|Notice the windshield wiper thief and also the door weather|
strip pulled from the right door!
Leaving Flamingo, we slowly headed back to Long Pine Key. We, this time, stopped at every point of interest. A couple of lakes had birds by the gazillions. I got some interesting shots and especially close-ups. Mid-morning, we made it to Royal Palms to attend the Ranger talk. Here, the story takes a twist. Driving into the parking lot a sign reads “Danger, Vultures can damage your car!” Well, we drive around the corner and there’s a half dozens cars with blue tarps over them. Wow! Getting out of the truck we talked to another couple who was just finishing covering their car. I said, “Boy! I didn’t think that the bird poop was so serious”. “Oh, No!” said the guy. “The Vultures developed this thing of pulling apart anything rubber on a vehicle about three years ago”. We watched across the parking lot, as a pickup truck was having its rubber door strips and windshield wipers being ripped off the vehicle. The “Black Headed Vultures” don’t eat the rubber, they just like to pull it off. Hence my statement above and about those repulsive Vultures stands!.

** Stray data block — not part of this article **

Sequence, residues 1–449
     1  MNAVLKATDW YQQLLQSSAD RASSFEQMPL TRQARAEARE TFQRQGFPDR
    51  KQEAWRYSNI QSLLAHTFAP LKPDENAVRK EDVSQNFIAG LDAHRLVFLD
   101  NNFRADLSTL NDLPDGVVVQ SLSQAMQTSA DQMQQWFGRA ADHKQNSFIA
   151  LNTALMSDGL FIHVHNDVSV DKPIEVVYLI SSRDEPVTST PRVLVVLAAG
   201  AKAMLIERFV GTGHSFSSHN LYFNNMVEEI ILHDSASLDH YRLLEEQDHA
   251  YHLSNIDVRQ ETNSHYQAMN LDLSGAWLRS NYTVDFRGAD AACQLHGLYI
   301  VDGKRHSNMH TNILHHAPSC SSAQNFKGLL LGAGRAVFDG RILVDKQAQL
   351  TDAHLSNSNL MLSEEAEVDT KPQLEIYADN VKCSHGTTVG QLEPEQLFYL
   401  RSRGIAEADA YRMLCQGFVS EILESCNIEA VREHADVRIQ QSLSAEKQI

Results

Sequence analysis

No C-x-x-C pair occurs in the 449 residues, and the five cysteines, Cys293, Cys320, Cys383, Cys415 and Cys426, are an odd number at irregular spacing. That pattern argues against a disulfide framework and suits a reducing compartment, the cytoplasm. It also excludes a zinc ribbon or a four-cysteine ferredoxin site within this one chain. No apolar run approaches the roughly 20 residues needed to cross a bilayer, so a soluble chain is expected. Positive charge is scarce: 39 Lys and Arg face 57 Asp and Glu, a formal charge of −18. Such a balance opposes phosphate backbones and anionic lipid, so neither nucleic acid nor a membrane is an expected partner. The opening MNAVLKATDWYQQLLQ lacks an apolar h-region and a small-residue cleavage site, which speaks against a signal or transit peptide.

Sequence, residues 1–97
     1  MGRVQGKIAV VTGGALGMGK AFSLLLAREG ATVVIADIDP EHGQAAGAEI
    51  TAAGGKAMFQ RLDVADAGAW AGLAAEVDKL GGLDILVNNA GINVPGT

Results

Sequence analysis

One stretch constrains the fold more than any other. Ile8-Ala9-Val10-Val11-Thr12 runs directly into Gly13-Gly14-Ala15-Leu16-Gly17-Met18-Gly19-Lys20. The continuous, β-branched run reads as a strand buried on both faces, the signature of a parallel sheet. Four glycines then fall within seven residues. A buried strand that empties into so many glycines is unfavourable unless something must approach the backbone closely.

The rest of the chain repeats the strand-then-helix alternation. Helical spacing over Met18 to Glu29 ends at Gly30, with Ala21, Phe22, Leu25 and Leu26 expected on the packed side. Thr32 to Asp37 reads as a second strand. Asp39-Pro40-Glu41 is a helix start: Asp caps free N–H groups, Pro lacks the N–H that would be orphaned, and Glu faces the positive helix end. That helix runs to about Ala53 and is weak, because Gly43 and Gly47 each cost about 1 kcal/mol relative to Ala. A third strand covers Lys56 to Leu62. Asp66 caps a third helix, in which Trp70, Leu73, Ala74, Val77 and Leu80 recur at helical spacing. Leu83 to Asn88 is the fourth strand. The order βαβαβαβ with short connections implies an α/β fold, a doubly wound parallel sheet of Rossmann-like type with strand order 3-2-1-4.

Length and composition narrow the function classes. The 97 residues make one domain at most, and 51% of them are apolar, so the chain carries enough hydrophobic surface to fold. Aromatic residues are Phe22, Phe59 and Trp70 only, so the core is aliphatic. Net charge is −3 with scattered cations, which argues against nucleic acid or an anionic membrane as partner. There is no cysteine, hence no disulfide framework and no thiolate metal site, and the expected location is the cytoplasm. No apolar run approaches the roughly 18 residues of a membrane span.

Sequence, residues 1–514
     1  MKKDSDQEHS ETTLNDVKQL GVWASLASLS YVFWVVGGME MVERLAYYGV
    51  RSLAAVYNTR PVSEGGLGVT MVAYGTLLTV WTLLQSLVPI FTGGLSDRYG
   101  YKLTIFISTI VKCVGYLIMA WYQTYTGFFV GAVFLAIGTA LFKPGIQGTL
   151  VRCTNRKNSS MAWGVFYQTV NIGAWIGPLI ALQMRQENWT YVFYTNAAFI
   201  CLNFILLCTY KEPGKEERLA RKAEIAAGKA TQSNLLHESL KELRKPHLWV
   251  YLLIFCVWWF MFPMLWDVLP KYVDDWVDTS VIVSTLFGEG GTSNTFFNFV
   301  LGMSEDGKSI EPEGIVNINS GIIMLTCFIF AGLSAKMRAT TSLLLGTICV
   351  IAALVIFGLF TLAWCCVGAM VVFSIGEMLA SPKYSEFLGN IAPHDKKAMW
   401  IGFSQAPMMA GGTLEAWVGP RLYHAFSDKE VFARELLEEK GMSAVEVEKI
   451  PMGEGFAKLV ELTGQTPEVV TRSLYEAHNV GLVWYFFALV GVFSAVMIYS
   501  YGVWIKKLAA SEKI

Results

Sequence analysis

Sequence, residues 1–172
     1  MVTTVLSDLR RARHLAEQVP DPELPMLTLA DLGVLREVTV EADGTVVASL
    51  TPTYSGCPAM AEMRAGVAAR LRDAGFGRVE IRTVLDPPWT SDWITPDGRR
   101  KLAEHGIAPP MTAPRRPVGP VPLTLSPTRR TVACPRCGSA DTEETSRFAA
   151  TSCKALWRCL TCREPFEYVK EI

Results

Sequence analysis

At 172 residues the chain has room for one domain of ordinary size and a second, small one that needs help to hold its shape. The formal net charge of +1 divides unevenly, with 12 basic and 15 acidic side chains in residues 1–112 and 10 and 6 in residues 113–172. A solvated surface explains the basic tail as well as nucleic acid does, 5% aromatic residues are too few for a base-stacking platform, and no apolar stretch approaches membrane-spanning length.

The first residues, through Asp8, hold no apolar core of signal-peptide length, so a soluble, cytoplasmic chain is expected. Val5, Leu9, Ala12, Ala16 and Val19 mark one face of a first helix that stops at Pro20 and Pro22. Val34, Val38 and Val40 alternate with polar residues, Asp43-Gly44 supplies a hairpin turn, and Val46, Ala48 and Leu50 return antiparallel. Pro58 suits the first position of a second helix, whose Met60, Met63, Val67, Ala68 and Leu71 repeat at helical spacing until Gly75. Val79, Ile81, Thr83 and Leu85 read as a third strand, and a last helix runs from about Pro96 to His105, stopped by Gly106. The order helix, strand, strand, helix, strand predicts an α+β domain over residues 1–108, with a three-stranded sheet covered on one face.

|What's for Lunch? The next picture says "Not Me!"|
The afternoon was spent at the Long Pine Campground reading, resting and working on a tan.
Ok, the “Red Eye Experience!” One of the main reasons for returning to this campground for another nights’ stay was to be able to go on a Ranger walking tour in the Everglades at “Night”. The purpose was to see alligators feeding. When you shine a flashlight, their eyes reflect back a deep red.
The Ranger was scheduled to meet with us at 7:30pm . About a dozen people showed up for the walk. The Ranger never showed. The group decided to do it on their own. So, here we are walking with flashlights along a trail for about a quarter mile, in the dark, no moon present. Fish and things jumping in the water next to the trail. Flashlights on and spotting Garr fish three to four feet long just off shore. We walk deeper into the glades and then a large pond is to our left. The flashlights all beam towards the pond. There two, three, six, ten sets of red eyeballs approaching! Right below the viewing overlook a loud trashing! A 12 foot male trashes around with a fish in his mouth. The Gators seem to have a plan of attack. They come in from several sides and roundup the fish. The water is now turbulent, the Lilly pads are going every which way. I'm trying to get a picture with a tripod and no flash to get the red eye captured. The problem is that the camera is steady but the Gators are not. I got a few shots, but the real experience will only be captured in our minds.
That is what we did and saw!